ST. STEPHEN – As the cost of food continues to rise, the St. Stephen Food Bank works to support the vulnerable community members they serve.
“The already marginalized are even more marginalized now … and it’s sad,” said food bank co-ordinator Donna Linton.
The food bank serves 200 households, equaling out to approximately 500 individuals with children accounting for 30-60 of that figure. Comparatively, when Linton started at the food bank in 1993, it served 50 households. Eighty per cent of the food bank users are single or unattached couples.
“They have no family … no emotional or financial support,” Linton explained.
Many of the community members suffer from chronic illnesses that deem them unemployable.
“They do the best they can, and they’re grateful.”
On average, the households using the food bank use the services for six to 18 months. Many will use the services for the rest of their lifetime.
“It’s hard to get up when you’re already down,” Linton said.
She highlights the challenge to escape poverty when you’re unaware you’re in it. As housing and costs of necessary bills rise, the living environment for the most vulnerable declines, and they continue to face adversity.
“Someone once said to me ‘money is liquid. If you’ve got it, you can pour it,’” she said.
As product shortages affect the general population, Linton says they also affect the food bank. Supplies cost $1,000 biweekly, which includes dairy, protein, and non-perishables. Unfortunately, with heightened costs Canadians are facing, the allotted funds can’t be stretched as far as they used to.
With the scarcity of stock on shelves and the uncertainty of product availability, the food bank has no choice but to occasionally buy non-economical options, just so those dependent on the food bank have what they need to get by.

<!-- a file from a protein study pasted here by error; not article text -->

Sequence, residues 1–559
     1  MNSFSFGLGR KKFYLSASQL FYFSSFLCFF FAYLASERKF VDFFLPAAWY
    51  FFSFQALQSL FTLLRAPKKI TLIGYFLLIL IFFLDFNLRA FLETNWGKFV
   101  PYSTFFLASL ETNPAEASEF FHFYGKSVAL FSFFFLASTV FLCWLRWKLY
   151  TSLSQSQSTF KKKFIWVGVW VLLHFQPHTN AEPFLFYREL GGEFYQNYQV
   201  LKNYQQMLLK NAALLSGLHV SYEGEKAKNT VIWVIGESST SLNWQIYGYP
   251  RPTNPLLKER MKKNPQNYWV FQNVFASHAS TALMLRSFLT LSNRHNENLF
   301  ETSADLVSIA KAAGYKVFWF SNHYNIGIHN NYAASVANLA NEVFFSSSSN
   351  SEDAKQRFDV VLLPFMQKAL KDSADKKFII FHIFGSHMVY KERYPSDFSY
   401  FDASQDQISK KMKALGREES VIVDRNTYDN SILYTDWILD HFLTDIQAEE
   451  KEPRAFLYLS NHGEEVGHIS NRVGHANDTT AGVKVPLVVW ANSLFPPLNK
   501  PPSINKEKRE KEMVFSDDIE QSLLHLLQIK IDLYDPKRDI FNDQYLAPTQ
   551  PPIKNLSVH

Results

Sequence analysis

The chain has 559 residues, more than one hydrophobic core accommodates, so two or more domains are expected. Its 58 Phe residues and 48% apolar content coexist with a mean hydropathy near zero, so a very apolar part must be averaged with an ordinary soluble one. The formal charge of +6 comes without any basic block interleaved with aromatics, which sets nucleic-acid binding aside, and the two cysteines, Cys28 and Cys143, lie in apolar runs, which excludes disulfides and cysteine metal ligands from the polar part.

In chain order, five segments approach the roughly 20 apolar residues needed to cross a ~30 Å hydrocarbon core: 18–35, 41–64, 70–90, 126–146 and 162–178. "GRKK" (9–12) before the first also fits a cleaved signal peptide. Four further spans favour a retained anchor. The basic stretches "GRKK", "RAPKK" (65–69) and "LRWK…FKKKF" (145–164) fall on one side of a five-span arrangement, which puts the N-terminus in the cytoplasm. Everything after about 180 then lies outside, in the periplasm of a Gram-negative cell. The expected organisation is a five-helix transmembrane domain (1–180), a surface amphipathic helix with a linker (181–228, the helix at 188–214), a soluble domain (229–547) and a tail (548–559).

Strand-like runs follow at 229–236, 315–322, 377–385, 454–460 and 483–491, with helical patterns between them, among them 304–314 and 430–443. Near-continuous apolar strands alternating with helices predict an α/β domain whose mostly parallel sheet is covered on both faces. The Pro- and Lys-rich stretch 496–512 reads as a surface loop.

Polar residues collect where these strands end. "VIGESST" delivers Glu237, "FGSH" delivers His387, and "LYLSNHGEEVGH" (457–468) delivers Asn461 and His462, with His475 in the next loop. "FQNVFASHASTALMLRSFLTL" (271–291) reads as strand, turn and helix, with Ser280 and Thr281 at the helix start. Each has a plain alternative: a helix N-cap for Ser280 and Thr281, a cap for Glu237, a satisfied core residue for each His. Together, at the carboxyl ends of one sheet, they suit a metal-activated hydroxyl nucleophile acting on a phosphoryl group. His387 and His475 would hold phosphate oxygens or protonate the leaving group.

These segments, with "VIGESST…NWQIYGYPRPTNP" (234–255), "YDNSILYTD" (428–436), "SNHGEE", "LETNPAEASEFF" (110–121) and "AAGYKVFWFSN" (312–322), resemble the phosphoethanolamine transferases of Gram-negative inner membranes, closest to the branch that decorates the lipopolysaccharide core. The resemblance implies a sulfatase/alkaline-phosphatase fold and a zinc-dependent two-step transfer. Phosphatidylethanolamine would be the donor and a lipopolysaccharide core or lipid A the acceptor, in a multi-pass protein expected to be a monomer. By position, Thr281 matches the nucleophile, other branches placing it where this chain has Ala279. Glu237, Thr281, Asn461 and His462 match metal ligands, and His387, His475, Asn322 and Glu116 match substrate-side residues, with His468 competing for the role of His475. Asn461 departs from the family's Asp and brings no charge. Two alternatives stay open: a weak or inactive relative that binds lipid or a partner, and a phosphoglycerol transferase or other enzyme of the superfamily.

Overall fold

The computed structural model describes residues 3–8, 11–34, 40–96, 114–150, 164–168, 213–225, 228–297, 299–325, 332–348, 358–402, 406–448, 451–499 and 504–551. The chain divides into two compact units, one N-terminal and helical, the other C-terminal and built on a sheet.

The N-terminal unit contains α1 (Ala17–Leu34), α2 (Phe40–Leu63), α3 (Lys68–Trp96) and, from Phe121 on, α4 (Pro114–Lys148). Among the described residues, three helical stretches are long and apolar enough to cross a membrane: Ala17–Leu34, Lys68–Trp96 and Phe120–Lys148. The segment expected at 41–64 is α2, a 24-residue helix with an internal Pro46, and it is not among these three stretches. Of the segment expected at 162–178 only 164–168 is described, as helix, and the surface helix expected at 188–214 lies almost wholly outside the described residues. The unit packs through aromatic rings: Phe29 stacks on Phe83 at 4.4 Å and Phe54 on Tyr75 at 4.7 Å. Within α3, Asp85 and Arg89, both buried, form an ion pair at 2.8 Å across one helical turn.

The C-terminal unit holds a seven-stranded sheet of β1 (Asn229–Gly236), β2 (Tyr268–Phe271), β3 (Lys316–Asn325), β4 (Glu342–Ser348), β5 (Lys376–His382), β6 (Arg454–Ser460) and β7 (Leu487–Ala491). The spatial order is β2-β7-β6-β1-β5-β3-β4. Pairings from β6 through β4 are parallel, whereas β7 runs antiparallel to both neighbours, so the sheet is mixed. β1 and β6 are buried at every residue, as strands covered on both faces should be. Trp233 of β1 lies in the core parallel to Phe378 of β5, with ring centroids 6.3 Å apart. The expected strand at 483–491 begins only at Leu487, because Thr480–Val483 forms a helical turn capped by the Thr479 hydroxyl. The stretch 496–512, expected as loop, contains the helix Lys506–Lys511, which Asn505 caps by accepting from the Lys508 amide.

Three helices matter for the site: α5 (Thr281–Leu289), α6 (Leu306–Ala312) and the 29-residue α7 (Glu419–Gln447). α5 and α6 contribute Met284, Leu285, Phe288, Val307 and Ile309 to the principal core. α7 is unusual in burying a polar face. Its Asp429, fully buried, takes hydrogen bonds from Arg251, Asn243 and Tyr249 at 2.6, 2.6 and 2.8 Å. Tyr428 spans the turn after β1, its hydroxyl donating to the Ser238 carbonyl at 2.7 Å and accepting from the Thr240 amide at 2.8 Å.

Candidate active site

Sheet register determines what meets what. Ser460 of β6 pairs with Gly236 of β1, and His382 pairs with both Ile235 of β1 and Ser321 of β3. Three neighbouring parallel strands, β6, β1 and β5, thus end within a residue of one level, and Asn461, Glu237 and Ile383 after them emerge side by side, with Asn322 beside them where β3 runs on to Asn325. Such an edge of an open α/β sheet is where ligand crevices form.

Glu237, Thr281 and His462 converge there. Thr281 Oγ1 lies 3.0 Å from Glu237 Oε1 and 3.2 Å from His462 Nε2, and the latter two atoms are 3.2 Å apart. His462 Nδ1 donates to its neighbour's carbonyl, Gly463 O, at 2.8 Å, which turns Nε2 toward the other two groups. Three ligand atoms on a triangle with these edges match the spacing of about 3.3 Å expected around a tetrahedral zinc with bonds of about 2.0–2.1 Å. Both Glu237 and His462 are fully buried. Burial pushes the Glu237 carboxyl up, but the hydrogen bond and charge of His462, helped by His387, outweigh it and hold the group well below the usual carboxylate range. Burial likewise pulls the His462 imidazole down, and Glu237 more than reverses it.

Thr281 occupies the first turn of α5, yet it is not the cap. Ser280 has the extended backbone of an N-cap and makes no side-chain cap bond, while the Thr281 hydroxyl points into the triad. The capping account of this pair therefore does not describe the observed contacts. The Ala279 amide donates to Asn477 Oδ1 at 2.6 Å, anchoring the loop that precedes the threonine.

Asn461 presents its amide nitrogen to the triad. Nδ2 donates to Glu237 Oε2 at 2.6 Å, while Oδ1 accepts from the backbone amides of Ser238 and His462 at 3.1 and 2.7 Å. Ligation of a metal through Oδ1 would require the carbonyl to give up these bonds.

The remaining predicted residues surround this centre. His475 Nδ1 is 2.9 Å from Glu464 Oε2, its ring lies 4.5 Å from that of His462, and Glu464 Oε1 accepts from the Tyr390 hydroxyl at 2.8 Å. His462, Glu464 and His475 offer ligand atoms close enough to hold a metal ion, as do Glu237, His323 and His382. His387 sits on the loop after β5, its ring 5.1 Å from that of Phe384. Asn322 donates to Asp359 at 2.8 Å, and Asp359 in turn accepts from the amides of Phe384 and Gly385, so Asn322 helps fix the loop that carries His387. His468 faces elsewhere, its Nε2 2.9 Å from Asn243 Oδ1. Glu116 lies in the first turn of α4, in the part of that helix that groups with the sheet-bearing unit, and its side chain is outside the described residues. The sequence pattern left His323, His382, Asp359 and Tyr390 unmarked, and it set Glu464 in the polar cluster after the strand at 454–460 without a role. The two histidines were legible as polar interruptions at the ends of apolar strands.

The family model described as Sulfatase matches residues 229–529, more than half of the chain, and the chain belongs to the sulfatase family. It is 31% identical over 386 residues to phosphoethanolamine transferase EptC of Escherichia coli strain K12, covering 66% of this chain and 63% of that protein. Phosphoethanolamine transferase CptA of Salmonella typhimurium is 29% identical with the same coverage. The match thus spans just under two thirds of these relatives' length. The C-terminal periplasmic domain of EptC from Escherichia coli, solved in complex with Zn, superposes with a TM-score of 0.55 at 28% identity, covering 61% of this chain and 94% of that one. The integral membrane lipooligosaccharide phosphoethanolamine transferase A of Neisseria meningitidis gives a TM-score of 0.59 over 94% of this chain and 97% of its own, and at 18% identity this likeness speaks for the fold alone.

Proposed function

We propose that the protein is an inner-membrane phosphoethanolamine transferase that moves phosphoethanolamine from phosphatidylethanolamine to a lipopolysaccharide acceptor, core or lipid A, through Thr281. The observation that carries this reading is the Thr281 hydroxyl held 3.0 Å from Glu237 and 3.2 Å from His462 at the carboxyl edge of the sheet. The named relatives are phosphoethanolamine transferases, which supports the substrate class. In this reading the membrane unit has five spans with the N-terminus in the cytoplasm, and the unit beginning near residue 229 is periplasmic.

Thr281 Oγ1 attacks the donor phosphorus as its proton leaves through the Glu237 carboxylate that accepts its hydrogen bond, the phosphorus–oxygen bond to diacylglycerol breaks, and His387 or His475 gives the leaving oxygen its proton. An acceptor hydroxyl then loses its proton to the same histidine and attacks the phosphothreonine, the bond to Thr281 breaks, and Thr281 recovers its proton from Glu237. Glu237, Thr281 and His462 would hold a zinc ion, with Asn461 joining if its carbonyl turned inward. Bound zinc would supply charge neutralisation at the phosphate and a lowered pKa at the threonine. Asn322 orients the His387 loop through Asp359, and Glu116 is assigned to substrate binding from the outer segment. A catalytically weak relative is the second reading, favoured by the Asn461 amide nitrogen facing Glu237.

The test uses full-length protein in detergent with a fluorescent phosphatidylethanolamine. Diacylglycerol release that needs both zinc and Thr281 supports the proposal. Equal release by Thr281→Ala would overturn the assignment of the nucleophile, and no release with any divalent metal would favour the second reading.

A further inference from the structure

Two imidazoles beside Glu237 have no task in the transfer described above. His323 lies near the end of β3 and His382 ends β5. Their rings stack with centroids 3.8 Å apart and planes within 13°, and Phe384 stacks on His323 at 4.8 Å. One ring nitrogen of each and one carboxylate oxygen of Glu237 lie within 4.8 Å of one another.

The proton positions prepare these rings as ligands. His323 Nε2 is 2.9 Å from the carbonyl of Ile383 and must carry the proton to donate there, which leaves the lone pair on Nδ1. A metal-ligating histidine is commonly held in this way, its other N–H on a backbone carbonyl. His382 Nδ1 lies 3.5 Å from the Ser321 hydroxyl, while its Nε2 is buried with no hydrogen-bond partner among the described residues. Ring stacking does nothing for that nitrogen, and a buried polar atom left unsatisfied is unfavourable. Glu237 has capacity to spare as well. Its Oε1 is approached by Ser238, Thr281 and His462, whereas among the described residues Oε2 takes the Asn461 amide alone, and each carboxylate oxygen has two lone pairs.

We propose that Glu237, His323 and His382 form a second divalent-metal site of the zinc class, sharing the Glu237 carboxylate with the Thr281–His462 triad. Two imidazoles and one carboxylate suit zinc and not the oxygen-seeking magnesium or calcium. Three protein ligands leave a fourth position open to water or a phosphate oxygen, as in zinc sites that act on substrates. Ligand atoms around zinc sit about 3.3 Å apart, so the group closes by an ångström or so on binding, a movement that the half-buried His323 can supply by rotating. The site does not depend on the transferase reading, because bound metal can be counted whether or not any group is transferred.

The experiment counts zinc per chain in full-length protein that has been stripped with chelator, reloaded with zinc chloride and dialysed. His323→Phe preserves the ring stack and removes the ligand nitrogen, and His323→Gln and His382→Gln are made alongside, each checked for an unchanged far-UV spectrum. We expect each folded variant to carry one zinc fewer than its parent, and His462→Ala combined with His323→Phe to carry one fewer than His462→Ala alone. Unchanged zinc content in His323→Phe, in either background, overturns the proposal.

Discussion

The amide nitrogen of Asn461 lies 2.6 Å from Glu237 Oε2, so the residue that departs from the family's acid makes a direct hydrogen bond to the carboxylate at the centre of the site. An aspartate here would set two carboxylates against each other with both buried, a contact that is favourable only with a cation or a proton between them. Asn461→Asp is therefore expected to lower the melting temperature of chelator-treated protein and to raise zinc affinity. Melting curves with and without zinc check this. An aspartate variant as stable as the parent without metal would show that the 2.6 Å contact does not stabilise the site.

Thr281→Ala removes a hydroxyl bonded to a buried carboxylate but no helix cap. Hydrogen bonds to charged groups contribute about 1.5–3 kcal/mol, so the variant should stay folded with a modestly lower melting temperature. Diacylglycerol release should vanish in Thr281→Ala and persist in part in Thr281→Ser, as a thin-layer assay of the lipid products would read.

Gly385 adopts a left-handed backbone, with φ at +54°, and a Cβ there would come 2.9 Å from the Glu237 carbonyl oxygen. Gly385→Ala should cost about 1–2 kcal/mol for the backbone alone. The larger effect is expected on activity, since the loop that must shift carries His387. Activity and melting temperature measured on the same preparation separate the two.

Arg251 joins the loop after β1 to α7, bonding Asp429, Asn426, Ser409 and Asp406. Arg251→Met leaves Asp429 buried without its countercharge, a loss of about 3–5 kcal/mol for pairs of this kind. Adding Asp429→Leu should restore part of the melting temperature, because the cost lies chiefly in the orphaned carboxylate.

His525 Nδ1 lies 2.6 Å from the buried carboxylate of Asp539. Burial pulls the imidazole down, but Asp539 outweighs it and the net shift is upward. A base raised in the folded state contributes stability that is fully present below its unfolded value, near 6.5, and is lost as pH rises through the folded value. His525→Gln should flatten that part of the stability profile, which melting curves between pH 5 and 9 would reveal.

Linton predicted that the food bank could see the current $80,000 spent each year nearly doubling in 2022.
Although the food bank has not yet seen a significant increase in more community members seeking their services, the current citizens they do serve are experiencing enhanced difficulties making the food they receive stretch the same distance.
Linton and the food bank place a big emphasis on providing protein and dairy to every household. With a third of the supplies coming from the Food Depot Alimentaire, it makes the goal attainable, but becomes more challenging as prices continuously rise.
“An everyday soup kitchen in the community would help,” Linton said, noting the soup kitchen could have the ability to feed 40 people once a day.
The supplies food banks provide their communities with are essential, she says, however many of the food bank users may lack the necessary skills or tools required to prepare the food they’re supplied.
In the past, the food bank has organized pots and pan drives.
“It’s a small solution, but it helps,” said Linton, adding they hope to organize another drive in the future.
Throughout her years at the food bank, Linton has noticed that asking for help when you need it is one of the hardest parts for people. She urges people to reach out when they need something and to look out for their neighbours.
“Just ask, it’s okay.”
The food bank now offers delivery to community members requiring the food bank’s assistance.
“If COVID-19 taught us anything, it’s that not everyone has transportation at their fingertips,” Linton said.
The food bank is currently looking for an in-centre volunteer on Tuesdays, and a volunteer food shopper. They are always accepting new volunteers.
For more information, contact the food bank at 506-466-4995 or firstname.lastname@example.org.